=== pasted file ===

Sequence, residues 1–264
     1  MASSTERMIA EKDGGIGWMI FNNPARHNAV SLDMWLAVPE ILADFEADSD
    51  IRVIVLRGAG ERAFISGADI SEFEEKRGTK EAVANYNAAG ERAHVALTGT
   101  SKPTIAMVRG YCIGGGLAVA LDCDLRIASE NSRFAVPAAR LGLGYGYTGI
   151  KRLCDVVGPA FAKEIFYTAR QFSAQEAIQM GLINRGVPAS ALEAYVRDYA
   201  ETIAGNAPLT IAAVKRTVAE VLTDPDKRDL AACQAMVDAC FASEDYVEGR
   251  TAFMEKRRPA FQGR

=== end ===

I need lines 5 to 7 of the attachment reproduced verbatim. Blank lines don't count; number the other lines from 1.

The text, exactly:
   151  KRLCDVVGPA FAKEIFYTAR QFSAQEAIQM GLINRGVPAS ALEAYVRDYA
   201  ETIAGNAPLT IAAVKRTVAE VLTDPDKRDL AACQAMVDAC FASEDYVEGR
   251  TAFMEKRRPA FQGR